Each state has the authority to write and enforce its own criminal laws; however, this does not mean that the Federal government cannot make recommendations and push states to make changes. In May, the National Transportation Safety Board recommended that states should lower the legal blood-alcohol limit from .08 to .05.

A change in Massachusetts DUI/OUI law would require state action and the issue is not currently on the Massachusetts legislature’s agenda. State senators and local law enforcement have stated that the idea needs further review. Any change will take time, if the past is any guide.

Reduction from .10 to .08

The NTSB has made similar recommendations in the past. Lowering the blood-alcohol limit to the current .08 took almost two decades. The federal government eventually threatened taking away state highway funds in the case of the last holdouts. By 2004, every state had a blood-alcohol limit of .08.

In support of the proposal, the agency referred to many European countries which have the lower .05 limit. However, those who are well above the current legal limit of .08 cause most auto accidents. For this reason many worry that the new focus is misplaced.

Under the proposed limit, a 175-pound man would reach the limit after two standard drinks. A 125-pound woman could reach the limit after one drink. The effects of alcohol vary based on the individual, but the examples show it might be hard to recognize whether it would be legal to drive.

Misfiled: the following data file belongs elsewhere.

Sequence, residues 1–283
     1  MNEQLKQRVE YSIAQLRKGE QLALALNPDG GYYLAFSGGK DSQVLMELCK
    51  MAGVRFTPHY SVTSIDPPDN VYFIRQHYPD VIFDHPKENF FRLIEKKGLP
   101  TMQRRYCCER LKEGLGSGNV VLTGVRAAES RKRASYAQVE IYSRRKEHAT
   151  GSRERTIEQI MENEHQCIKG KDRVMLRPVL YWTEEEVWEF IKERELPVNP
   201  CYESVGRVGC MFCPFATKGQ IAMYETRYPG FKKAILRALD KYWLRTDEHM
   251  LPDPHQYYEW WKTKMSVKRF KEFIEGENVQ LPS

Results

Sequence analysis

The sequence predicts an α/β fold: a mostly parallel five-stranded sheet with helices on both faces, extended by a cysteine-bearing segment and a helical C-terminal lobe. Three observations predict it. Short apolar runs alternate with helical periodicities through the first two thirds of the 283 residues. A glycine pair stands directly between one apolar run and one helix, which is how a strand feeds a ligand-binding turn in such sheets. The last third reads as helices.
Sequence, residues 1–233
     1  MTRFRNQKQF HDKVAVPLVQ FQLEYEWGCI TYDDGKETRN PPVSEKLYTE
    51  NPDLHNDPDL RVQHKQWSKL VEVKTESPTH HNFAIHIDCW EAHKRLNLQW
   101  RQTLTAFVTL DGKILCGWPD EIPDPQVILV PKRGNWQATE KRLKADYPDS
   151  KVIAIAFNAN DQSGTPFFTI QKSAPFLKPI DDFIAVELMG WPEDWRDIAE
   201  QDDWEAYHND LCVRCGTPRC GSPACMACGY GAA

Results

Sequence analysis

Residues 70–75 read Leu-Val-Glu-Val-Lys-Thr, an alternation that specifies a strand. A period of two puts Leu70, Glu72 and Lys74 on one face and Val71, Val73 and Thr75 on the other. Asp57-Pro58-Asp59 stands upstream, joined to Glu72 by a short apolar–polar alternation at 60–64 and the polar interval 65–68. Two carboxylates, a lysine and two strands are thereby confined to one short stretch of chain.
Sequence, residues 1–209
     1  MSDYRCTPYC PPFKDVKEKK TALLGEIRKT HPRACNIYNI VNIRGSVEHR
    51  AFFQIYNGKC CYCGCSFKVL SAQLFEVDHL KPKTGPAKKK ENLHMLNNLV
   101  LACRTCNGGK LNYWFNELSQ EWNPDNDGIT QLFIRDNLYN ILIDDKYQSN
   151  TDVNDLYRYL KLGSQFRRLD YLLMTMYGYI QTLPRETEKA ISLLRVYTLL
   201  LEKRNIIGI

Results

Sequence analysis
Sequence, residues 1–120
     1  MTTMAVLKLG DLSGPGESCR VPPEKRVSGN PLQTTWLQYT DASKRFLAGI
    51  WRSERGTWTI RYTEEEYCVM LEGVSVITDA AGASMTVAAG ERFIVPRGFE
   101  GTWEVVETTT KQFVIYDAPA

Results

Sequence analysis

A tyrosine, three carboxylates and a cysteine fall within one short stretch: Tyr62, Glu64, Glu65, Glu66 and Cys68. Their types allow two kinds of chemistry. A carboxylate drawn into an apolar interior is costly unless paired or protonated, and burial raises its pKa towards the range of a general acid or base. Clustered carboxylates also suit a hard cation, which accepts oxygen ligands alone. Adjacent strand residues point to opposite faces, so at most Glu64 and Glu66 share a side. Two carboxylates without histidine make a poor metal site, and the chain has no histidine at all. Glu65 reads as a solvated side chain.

The proposal is a step toward zero tolerance. Meeting friends for dinner and drinks or going to a company happy hour could easily leave many unsuspecting individuals charged with DUIs.

Current Massachusetts limits and penalties

To prove an OUI case, a Massachusetts prosecutor must be able to show the following:

  1. An individual was physically operating a vehicle;
  2. On a public road or a place where the public has access; and
  3. With a blood alcohol level of .08 or greater or was impaired by an intoxicating liquor.

For those under the age of 21, the limit is .02. A chemical test, such a breath or blood test will provide evidence of blood alcohol concentration. After a first offense, a consultation with a Massachusetts DUI defense attorney is one way to identify whether any issues tied to test accuracy exist.

A DUI/DWI/OUI conviction often comes with a jail sentence, fines, court fees and the requirement of an ignition interlock. If you have been charged with one of these offenses, contact an experienced criminal defense attorney who can review the individual facts of your case and advise on how best to proceed.